By Noel Caballero

International researchers discovered fossils of a new dinosaur species in northeastern Thailand and - after receiving royal permission - named it in honor of one of the daughters of the monarch, Bhumibol Adulyadej.

"Sirindhorna khoratensis," a type of "Iguanadon," measured about two meters (6.5 feet) in height and six meters (19.5 feet) long, weighing one ton, was named in honor of Princess Sirindhorn - who turned 60 in 2015 and is said to have a strong interest in paleontology - and the province in which it was found.

The herbivore lived in the early Cretaceous Period some 120 million years ago and differs from other species of Iguanadon by having a long jaw that ends in a beak and a sharpened spur on each foot.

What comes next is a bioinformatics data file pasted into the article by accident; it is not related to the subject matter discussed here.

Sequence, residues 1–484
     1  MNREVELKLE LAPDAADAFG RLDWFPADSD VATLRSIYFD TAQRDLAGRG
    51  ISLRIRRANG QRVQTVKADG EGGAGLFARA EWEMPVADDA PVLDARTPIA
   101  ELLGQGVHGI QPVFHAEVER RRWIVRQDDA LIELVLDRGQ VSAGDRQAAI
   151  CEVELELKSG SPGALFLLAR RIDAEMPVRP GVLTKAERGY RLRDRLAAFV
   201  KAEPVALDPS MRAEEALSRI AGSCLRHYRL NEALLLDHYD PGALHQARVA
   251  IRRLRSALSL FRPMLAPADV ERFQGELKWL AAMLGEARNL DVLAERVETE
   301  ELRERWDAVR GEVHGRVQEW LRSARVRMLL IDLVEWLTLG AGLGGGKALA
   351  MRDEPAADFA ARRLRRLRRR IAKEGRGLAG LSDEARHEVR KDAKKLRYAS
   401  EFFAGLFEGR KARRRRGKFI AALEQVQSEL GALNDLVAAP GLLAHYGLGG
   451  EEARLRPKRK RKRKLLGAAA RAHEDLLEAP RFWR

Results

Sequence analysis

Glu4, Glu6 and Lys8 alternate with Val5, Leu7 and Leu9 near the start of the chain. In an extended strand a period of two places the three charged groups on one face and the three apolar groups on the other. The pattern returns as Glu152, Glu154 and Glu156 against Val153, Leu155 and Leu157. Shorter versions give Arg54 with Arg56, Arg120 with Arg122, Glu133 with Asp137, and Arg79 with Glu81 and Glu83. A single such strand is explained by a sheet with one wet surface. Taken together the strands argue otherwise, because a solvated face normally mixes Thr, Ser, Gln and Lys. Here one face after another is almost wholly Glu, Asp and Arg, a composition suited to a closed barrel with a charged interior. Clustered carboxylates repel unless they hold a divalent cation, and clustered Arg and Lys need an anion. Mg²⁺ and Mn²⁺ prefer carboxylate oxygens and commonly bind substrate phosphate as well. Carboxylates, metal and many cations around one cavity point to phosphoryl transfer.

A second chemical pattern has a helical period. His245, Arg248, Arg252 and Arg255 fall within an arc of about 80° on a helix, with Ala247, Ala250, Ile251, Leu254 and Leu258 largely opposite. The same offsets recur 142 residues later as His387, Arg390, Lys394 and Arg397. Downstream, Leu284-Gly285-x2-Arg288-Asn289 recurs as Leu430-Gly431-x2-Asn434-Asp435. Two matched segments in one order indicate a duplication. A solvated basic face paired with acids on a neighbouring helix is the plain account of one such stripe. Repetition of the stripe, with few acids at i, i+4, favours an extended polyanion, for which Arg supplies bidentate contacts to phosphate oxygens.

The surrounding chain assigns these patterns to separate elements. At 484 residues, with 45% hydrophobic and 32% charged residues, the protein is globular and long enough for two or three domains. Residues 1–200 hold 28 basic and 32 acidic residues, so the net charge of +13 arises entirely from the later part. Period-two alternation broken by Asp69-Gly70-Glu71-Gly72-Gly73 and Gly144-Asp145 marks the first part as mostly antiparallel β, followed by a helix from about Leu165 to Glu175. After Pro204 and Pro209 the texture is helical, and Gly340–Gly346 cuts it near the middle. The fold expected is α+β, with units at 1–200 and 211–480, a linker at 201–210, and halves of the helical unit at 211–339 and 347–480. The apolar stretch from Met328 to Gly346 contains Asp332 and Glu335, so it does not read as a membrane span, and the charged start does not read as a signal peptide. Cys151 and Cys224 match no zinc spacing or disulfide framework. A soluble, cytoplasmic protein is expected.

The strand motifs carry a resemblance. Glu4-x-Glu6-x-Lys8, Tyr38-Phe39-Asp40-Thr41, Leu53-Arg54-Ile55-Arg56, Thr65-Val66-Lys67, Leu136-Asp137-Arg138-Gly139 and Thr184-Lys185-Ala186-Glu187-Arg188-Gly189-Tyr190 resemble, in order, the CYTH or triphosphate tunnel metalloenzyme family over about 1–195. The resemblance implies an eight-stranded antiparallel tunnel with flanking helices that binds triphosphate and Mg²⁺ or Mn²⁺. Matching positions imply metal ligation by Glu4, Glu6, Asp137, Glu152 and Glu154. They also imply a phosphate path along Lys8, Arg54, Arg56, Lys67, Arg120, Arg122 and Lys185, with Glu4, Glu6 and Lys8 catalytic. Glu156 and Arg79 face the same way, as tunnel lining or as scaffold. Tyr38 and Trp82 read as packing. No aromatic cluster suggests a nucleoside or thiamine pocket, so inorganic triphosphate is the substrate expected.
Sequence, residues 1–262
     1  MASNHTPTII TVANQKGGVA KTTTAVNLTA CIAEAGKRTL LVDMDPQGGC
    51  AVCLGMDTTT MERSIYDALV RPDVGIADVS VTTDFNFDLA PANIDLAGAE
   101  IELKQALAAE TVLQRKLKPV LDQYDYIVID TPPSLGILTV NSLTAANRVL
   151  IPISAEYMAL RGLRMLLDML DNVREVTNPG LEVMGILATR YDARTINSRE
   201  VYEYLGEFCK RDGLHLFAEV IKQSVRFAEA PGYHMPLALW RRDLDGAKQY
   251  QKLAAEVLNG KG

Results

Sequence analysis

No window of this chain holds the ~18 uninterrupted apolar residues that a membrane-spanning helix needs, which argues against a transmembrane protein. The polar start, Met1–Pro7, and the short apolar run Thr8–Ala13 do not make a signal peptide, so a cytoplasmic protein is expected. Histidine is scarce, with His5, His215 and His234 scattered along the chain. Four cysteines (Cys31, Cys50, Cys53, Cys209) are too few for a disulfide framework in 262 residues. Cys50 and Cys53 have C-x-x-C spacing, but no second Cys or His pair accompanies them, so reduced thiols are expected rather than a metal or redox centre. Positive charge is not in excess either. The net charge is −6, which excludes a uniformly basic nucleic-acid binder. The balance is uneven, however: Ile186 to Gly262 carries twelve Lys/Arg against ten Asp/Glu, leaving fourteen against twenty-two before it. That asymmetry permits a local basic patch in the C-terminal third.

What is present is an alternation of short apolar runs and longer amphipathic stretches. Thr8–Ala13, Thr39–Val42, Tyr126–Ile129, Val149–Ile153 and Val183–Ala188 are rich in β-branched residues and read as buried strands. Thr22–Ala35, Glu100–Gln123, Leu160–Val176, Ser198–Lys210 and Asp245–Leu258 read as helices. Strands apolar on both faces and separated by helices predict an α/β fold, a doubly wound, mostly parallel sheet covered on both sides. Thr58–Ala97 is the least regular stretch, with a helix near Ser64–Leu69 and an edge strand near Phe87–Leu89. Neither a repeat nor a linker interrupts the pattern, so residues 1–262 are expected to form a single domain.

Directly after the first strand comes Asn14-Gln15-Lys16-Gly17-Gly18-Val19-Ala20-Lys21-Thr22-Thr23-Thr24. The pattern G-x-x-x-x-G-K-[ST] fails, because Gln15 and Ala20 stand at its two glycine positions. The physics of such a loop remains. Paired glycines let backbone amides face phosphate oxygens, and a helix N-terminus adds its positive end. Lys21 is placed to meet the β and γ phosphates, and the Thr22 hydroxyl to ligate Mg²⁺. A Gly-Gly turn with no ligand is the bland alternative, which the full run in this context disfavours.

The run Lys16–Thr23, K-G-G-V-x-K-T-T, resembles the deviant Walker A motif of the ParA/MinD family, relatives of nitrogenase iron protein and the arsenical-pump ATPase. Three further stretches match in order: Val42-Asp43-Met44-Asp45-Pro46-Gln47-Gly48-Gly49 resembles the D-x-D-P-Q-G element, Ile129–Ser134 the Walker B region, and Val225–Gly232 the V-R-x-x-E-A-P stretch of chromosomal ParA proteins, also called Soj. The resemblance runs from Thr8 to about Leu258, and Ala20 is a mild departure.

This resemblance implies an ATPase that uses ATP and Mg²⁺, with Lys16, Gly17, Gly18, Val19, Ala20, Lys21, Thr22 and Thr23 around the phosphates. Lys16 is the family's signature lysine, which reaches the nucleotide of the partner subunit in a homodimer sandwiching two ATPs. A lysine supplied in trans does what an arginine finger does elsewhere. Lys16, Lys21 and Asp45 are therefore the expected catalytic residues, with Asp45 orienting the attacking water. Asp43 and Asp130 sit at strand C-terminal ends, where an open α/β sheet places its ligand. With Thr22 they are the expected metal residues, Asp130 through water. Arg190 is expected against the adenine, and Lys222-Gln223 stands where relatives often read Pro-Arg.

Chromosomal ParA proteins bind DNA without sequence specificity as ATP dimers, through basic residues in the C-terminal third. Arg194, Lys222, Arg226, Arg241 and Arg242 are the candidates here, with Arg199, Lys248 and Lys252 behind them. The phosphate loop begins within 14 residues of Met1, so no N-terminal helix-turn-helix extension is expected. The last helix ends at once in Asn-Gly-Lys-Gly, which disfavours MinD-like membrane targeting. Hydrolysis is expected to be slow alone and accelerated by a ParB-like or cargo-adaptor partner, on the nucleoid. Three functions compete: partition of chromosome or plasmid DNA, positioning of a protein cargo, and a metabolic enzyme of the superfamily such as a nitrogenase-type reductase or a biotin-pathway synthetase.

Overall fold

"We found 19 cranial pieces that were essential for determining that this is a new species of dinosaur," Prateung Jintasakul, the director of the Northeastern Institute for the Investigation of Petrified Wood and Mineral Resources, told EFE.

The first evidence of the new creature was found in 2007 during a collaborative venture between Thai researchers and paleontological experts from Japan's Fukui Museum.

After a long process of locating and unearthing as many fossils as possible, the remains were analyzed in a Japanese laboratory where, in comparing them with other specimens, scientists confirmed that the samples came from a heretofore unknown species.

Thailand is the Southeast Asian nation where the most fossils have been found, including dozens of ancestors of the Asian elephant and many examples of petrified wood. EFE